Ukrainian President Volodymyr Zelensky issued a warning on Saturday about a serious threat to Europe's largest nuclear power plant.
The IAEA's said inspections did not turn up "any indications of undeclared nuclear activities and materials" at several locations in Ukraine.
A Russian official has said the IAEA nuclear safety team will not be given "special passes" and will have to "stand in line" to enter the power plant.
"This, of course, poses a serious challenge to our ability to continue working there," said the International Atomic Energy Agency's director-general.
A team of experts will visit the Chernobyl nuclear power plant to deliver equipment and assess the site that was occupied by Russian forces for five weeks.
An international nuclear energy monitor says the situation at the infamous facility remains safe, but crews face challenges in restoring power.
The International Atomic Energy Agency said Iran has increased its uranium stock by 15.5 kilograms since November.
Iran agreed to allow the IAEA to reinstall cameras at the Karaj nuclear facility after previously refusing to replace cameras damaged in a June attack.
The head of the International Atomic Energy Agency traveled to meet the Atomic Energy Organization of Iran but reported no breakthrough in negotiations.
U.N. agency inspectors have been unable to watch surveillance footage and continue to deal with other challenges in monitoring Iran's rising uranium supply.
The release could begin in Spring 2023, but the plan is facing fierce opposition from fishermen, local residents, and China and South Korea.
Iran's nuclear program has reportedly breached several facets of the 2015 nuclear deal monitored by the United Nation's International Atomic Energy Agency.
"At this stage, the agency has no indication that a radiological incident occurred," the International Atomic Energy Agency said.
The International Atomic Energy Agency's report on Iran said that the agency has "not had access to the data from its online enrichment monitors and electronic seals, or had access to the measurement recordings registered by its installed measurement devices."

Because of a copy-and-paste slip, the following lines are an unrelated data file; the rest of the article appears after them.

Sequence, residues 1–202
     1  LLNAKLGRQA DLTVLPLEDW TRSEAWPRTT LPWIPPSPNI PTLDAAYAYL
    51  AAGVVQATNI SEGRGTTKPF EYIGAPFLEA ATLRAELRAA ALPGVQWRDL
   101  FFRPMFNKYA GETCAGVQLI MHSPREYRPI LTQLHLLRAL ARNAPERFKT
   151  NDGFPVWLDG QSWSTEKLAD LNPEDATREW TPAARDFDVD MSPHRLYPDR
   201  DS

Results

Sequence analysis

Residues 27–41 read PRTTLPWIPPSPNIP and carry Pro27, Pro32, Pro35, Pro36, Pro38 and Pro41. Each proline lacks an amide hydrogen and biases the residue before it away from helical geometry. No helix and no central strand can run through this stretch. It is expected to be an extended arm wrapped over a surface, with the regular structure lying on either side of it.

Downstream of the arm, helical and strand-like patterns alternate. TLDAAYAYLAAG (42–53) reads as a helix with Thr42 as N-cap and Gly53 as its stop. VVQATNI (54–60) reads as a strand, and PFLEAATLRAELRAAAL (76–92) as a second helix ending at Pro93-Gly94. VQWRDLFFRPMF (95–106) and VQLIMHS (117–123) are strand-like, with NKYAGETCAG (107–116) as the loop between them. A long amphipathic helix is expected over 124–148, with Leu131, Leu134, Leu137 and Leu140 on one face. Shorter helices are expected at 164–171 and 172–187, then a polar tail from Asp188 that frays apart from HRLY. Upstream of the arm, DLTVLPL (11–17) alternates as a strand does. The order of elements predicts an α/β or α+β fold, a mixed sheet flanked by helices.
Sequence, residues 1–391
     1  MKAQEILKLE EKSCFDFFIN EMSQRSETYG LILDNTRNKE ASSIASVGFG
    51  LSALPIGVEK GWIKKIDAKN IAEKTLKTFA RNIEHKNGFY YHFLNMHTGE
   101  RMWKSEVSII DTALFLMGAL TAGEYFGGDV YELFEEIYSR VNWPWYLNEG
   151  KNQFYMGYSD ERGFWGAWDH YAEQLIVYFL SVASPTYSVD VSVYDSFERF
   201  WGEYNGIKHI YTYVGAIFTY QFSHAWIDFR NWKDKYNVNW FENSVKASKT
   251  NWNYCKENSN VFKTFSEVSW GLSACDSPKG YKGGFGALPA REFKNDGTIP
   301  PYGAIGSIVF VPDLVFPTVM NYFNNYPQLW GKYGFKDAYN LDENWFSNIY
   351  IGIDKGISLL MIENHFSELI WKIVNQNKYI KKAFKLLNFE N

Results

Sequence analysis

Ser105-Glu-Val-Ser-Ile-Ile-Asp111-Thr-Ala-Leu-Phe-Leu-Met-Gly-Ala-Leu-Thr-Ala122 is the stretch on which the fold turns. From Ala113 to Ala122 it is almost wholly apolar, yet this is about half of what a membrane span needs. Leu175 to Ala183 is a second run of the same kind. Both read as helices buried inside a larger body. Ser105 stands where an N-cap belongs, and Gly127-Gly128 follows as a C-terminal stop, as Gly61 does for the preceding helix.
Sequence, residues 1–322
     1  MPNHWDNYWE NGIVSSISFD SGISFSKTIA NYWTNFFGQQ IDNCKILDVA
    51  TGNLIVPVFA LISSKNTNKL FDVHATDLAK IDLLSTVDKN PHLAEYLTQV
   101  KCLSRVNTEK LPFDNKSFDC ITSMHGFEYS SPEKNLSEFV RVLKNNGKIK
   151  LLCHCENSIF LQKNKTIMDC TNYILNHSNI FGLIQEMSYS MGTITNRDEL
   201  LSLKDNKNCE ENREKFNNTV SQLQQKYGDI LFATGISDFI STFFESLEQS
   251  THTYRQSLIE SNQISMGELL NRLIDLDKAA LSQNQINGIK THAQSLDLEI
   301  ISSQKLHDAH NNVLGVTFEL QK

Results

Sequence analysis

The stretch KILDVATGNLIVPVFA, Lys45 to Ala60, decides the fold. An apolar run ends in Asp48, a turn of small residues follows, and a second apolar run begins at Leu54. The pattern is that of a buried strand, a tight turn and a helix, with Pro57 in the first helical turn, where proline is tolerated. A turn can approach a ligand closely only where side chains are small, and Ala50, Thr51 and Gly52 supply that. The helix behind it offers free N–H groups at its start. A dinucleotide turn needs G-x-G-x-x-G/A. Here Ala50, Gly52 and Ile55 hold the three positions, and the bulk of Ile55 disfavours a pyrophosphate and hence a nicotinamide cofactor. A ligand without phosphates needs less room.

"What we have is a technical understanding that provides some breathing space for the political actors to find a political solution," Laura Rockwood, who authored the Additional Protocol being abandoned by Iran, told a press call attended by Newsweek.
A concerned global citizenry must hold accountable Iran's terrorist regime.
The IAEA should make the latest information on Iran's nuclear program available for all to see.
The International Atomic Energy Agency has suggested Kim Jong Un is not moving toward denuclearization.
The IAEA stated that its observers had access "to all the sites and locations in Iran which it needed to visit" under the agreement's framework.
The International Atomic Energy Agency called the "further development" of Pyongyang's nuclear program a "cause for grave concern" in a report.
The International Atomic Energy Agency said Iran was in compliance with the 2015 nuclear deal.
The confidential report by the International Atomic Energy Agency (IAEA) did not point to any violations in Tehran's observance of the deal.
Iran must now demonstrate that it has restricted its nuclear program as promised.
Opponents of the Iran nuclear deal have pointed to the report as another reason to block the agreement.
Part of the ongoing nuclear negotiations involve lifting the sanctions currently imposed on Iran.
Iran has already destroyed its weapons-grade uranium and halted the Arak nuclear plant.